The Iñupiat (in-NOO-pee-at) and the St. Lawrence Island Yupik peoples’ homeland is in Alaska's northern and northwestern Arctic region. These are the people of the ice as much as the land, and much of their life and culture revolves around the sea ice. Subsistence, or traditional hunting and gathering practices, provide a large part of their diet to this day. The Iñupiat hunt both marine and land mammals, and also birds. They fish and gather berries in season.
Saint Lawrence Island is off the coast of the Seward Peninsula in the Bering Sea. The Iñupiat are the first people to have made contact with European explorers in Alaska. The Iñupiat and the St. Lawrence Island Yupik people share similar subsistence patterns, home construction methods, and tools. St. Lawrence Island Yupik speak Siberian Yupik, which is distinct from the languages spoken by Yup’ik and Cup’ik peoples in Southwest Alaska.
Iñupiat are related to a larger group of people that span from Russia, across Alaska, through Northern Canada, and up to Greenland. There are obvious regional differences, but the culture and language share important similarities, including certain languages that can be understood across all of these countries. The Inuit Circumpolar Council is an organization that represents all of these people and is a permanent participant in the Arctic Council.
Most of the communities in the northern and northwest Arctic region can only be flown to, but some are occasionally accessed by boat. There is no road system that connects them all, which is true for much of Alaska. During the winter, some of the communities can be reached by snowmobile. Utqiaġvik (formerlly Barrow) is one of the largest Iñupiaq settlements in Alaska and is the northernmost community in the United States.
The Nalukataq whaling festival is held in Utqiaġvik in June following a successful whaling season. The purpose of the festival is to appease the spirits of deceased whales so that they will return in the form of new whales the next season. In addition to dancing, singing, and food, the whaling festival includes a tradition familiar to some visitors — the blanket toss. While it's now conducted as entertainment, it didn’t originate that way. An Iñupiaq hunter would be tossed in the air, enabling him to see across the horizon to hunt game. During today's celebrations, thirty or more Iñupiaq gather in a circle, holding the edges of a large skin made from walrus hides, and toss someone into the air as high as possible.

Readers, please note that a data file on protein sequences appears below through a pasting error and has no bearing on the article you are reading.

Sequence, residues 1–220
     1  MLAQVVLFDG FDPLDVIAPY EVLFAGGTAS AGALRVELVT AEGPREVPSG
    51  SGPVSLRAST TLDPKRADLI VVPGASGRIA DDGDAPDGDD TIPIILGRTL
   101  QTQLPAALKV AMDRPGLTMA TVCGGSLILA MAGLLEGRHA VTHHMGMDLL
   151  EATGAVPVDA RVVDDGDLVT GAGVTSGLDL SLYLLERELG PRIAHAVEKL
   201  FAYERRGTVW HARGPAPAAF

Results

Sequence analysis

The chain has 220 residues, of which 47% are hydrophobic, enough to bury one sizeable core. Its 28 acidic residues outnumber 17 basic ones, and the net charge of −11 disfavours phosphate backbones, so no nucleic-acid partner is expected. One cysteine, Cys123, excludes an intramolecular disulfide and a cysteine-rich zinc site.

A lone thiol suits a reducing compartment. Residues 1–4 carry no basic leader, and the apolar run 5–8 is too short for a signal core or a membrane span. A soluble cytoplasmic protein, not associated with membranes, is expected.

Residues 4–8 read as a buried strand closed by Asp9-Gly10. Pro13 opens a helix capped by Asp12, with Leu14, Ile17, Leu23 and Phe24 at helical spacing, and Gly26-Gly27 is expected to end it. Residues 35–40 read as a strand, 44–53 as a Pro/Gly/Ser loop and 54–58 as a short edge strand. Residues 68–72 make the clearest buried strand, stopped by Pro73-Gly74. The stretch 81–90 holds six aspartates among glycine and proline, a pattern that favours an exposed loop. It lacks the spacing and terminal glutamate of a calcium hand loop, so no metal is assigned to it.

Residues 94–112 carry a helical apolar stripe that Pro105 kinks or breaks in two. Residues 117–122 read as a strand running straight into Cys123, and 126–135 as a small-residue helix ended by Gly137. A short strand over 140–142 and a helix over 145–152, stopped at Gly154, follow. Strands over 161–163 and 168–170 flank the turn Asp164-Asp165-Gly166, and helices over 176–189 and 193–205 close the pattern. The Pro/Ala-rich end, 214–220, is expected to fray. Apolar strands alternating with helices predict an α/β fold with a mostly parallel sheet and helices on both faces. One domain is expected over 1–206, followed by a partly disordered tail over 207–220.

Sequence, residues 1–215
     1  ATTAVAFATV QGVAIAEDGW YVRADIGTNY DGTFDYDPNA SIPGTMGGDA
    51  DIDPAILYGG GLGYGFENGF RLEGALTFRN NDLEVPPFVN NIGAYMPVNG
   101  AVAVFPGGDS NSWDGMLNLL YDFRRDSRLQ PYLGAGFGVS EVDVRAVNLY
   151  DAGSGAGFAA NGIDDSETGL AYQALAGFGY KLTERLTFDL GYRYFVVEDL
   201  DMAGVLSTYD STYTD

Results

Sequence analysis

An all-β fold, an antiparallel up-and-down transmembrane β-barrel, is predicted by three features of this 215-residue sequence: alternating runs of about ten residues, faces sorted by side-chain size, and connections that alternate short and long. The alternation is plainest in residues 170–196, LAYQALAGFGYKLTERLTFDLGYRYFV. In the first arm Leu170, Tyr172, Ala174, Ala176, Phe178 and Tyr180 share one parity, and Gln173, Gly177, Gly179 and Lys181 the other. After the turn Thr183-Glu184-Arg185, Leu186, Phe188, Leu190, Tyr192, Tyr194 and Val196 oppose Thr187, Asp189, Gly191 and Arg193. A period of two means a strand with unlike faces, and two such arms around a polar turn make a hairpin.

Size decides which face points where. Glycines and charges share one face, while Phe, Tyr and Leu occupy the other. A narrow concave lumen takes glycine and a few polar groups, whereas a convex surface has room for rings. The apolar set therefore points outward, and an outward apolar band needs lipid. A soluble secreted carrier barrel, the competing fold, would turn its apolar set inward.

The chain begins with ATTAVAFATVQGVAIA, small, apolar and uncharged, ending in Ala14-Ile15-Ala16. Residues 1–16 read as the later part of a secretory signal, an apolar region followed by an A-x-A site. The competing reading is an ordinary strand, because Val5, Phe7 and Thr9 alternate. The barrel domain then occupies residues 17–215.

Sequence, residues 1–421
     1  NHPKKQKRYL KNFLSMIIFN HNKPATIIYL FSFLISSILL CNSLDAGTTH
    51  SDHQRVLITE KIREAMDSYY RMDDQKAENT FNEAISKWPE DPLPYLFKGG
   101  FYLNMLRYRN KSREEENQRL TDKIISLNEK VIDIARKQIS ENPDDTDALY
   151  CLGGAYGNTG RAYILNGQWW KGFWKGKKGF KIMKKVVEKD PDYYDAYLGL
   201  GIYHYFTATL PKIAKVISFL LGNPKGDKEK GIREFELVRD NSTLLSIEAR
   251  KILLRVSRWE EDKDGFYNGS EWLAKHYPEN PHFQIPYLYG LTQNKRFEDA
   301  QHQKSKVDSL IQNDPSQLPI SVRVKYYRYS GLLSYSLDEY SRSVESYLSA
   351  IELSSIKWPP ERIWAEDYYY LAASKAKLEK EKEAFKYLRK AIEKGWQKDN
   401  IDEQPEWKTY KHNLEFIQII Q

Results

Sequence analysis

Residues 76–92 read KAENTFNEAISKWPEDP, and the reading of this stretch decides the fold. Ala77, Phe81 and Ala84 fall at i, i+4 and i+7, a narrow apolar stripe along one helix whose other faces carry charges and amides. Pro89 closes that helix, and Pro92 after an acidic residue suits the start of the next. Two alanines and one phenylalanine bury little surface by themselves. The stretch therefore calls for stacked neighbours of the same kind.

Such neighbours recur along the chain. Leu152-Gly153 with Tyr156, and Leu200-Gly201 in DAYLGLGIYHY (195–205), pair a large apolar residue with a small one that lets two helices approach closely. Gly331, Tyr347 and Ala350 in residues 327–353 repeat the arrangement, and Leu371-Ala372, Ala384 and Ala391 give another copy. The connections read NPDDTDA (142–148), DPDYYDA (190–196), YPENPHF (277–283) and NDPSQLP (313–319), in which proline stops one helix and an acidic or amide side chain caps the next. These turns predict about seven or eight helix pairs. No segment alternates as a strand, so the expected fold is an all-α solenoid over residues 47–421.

For more information, visit the Iñupiat Heritage Center in Utqiaġvik, which has archeological and modern collections focusing on Iñupiat whaling traditions, as well as artist workshops and culture, language, and history programs. In Kotzebue, visit the Northwest Arctic Heritage Center, which also serves as the visitor center for Kobuk Valley National Park. While in Nome, make sure to visit the Carrie M. McClain Memorial Museum and in the same building you can find the Kawerak Katirvik Cultural Center.
Cultural Regions Map
Iñupiat Traditions & History
From the Alaska CulturalHost Program
The Iñupiaq and St. Lawrence Island Yupik tended to live in small groups of related families of 20-200 people, in five main geographical uregions:
- St. Lawrence Island Yupiit
- Bering Strait Inupiat
- Kotzebue Sound Inupiat
- North Alaska Coast Inupiat, Tareumiut (da-gia-mee-ute), people of the sea
- Interior North Inupiat, Nunamiut (nu-na-mee-ute) people of the land
HOUSE TYPES & SETTLEMENTS
They used a variety of designs and materials, but three key features were common: